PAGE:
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ALBERT Einstein said: “Insanity is doing the same thing over and over again and expecting different results.”
Nowhere is this more true than in the current drugs policy.
As a young man growing up in a mining community in the ’80s and ’90s, cannabis was the drug of choice at that time. Then heroin hit the cities and housing schemes before the rave scene popularised ecstasy.
A few years ago I chaired a session of the Scottish Parliament health committee. I took the opportunity to tell the then Cabinet Secretary Shona Robinson that the streets of Scotland were now awash with cheap cocaine (the new drug of choice for many) and that this was having a terrible impact on our young people, their families and communities.
What depressed me about our exchange was the lack of awareness of the extent of the problem and the complete lack or urgency in dealing with it — indeed the impression I got was that she and journalists reporting the committee’s business simply didn’t believe the point I was raising.
This feeling was exacerbated in subsequent parliamentary exchanges with the Public Health Minister Joe Fitzpatrick — all the more remarkable as his home city of Dundee, the place he represents, has the highest levels of addiction and drugs deaths in Britain and Europe.
I have to say, I found this thoroughly dispiriting. You only have to open your eyes and ears to see and hear the evidence of this in our pubs, clubs and communities.
The drugs market has changed. Cocaine, previously only affordable to the middle classes, is now cheap and easily available in every town and village.
Nine hundred and thirty four drug-related deaths were registered in Scotland in 2017, 8 per cent higher than in the previous year — this year that figure will pass 1,000 and possibly hit 1,200.
The refrain from some nationalists is that the failure to devolve drugs laws is a major barrier to addressing this crisis. Now I support the call for devolution of drugs powers but drug deaths in Scotland are running at two-and-a-half times the rate of the rest of Britain where the powers are the the same — clearly something else is going on here.
If we look at the East Midlands and Durham we see Labour police and crime commissioners taking a far more progressive and public health based approach to drugs misuse. They are pushing their powers and the law to the max to deliver an approach that seeks to reduce harm , improve health and avoid criminalising vulnerable and needy people. Scotland should follow this approach now but also seek the devolution of powers.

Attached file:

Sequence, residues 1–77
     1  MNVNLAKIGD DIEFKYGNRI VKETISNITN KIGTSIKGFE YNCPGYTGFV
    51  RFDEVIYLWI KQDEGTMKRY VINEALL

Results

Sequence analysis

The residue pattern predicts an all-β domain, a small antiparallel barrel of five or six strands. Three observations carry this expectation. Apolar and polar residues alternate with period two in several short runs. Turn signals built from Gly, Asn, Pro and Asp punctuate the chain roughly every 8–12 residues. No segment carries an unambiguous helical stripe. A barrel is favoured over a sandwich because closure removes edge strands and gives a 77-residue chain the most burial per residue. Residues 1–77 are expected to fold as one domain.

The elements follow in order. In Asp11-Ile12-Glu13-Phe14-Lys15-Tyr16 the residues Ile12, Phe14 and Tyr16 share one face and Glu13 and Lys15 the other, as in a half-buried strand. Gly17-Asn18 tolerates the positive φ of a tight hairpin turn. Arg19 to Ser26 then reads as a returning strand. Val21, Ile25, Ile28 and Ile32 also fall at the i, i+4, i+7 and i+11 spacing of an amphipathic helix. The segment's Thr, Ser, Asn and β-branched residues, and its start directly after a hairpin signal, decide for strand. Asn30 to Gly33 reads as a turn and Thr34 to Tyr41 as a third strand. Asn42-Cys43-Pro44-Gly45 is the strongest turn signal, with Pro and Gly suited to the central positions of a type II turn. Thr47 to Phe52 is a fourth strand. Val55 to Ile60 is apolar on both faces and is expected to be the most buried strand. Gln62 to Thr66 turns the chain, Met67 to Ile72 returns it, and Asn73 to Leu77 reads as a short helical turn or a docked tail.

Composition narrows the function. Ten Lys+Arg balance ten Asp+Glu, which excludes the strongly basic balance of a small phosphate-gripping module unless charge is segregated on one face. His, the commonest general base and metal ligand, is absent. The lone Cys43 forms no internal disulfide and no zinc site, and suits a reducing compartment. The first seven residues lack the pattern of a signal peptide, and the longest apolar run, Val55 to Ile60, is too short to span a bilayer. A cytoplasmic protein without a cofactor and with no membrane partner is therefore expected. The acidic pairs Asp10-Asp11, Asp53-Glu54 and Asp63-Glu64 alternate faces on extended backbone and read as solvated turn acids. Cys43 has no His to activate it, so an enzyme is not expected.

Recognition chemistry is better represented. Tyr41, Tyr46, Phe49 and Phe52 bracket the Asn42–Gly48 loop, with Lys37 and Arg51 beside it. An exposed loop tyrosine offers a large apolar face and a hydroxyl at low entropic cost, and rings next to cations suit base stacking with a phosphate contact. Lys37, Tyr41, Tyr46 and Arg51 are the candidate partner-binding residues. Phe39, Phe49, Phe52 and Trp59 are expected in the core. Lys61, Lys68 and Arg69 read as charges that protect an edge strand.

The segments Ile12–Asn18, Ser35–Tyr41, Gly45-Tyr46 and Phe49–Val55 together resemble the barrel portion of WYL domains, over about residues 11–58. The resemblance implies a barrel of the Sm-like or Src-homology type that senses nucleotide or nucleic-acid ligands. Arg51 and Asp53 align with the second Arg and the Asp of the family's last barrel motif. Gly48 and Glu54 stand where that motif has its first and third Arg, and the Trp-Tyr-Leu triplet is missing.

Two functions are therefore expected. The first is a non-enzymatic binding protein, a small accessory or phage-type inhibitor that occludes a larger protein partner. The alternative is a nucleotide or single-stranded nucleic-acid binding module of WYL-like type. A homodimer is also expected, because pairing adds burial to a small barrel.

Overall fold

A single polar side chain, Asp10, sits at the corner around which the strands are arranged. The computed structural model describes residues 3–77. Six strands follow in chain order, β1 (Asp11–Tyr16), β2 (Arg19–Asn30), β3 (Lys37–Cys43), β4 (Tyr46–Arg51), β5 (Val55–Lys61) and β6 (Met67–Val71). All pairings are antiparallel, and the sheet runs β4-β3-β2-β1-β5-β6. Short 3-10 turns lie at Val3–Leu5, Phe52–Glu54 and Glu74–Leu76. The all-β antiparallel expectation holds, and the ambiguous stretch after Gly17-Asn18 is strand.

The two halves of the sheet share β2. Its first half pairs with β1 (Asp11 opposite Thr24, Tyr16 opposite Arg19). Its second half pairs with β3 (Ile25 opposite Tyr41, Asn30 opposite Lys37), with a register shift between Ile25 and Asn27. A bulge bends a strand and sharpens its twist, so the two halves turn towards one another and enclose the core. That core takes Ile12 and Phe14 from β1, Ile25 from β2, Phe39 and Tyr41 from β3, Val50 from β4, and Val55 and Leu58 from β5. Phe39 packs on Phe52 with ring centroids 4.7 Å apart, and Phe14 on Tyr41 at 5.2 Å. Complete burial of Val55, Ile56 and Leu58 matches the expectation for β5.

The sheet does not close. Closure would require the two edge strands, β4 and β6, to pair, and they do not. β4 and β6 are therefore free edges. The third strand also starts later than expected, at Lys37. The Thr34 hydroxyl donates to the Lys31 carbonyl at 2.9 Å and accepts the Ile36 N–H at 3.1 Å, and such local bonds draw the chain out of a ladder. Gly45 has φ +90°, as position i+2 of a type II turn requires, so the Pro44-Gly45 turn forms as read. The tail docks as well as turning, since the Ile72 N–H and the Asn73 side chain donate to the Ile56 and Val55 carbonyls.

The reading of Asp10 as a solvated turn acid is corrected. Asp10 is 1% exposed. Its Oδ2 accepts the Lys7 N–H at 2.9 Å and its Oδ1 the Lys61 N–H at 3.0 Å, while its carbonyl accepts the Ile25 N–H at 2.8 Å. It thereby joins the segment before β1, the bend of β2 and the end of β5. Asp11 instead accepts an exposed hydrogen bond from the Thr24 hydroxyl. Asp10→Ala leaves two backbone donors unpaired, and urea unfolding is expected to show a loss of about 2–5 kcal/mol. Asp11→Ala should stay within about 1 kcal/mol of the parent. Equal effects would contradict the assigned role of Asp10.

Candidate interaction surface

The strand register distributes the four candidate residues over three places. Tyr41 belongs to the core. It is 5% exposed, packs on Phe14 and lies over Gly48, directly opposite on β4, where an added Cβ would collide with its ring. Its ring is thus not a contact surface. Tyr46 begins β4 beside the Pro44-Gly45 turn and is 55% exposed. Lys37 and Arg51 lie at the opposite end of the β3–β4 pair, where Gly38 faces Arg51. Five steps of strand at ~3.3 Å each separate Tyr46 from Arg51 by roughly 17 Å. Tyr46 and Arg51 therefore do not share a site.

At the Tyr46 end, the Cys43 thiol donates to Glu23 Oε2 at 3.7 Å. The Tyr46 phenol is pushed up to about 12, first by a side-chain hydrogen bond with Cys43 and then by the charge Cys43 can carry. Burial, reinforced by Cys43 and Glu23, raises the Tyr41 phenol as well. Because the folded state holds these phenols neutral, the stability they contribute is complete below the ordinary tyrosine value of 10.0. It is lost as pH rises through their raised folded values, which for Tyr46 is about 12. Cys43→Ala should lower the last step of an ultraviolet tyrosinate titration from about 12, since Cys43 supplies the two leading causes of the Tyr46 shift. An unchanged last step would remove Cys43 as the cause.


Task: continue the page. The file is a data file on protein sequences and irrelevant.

“The war on drugs” has failed. We have more addicts, more drugs, more drugs-related organised crime, more deaths and more families left without a father, mother, son or daughter.
I despise drugs and the dealing of drugs and believe those who profit from other people’s misery should be severely dealt with but we have to be honest — arresting a few dealers will soon see them replaced by others and the misery will continue.
We cannot arrest our way to a drug-free society. From the dawn of civilisation humans have taken mind-altering substances and they will continue to do so no matter what — that is a depressing and harsh reality, so we have to deal with it rather than pretend it will go away with tougher sentences and a harsher regime for those caught in possession. This is fanciful and delusional thinking.
The reality is we have to change our approach or every year more and more of our fellow citizens will die.
And the model for change exists — in the ’80s and ’90s Portugal was in the grip of a drugs epidemic that saw a steep rise in HIV infection and death rates soar to the worst in Europe. Something had to be done and it was.
Portugal decriminalised personal possession of drugs and implemented a major harm reduction and public health programme.
The new policy was based on three pillars: that there’s no such thing as a soft or hard drug, only healthy and unhealthy relationships with drugs; that an individual’s unhealthy relationship with drugs often conceals wider personal problems (relationship breakdown, violence, poor mental health etc); and that the eradication of all illegal drug use is an impossible goal.
This reflects the discussions I’ve had with the drug-using community in Scotland. Most harmful users have resorted to drugs because of trauma or major negative events in their lives and unless these issues are addressed then the user will lurch from one substance or behaviour to another, all while never coming to terms or being able to cope with their trauma.
The Portuguese policy treats everyone as individuals, resulting in the number of people voluntarily entering treatment increasing significantly.
HIV infection has dropped dramatically, down 52 per cent, jail sentences for drug-related offences have decreased and the rates of problematic drug use are down.
And the headline drug deaths rate has gone from more than 1,000 a year to about 50 per year.
While the focus of the discussion in Scotland in recent months has been about safe-injecting rooms, in reality this is a relatively small part of a bigger jigsaw.
What we need is a change of mindset and an approach that looks at how we help drug users live safe, well and crime-free, and help them get the treatment they need to address their underlying issues and their drugs use.
The results from Portugal suggest this would be far more productive than arresting and re-arresting the same offenders without addressing what is at the root of their problems.
Neil Findlay is Labour MSP for Lothian – follow hin at www.facebook.com/NeilFindlayMSP and @NeilFindlay_MSP.
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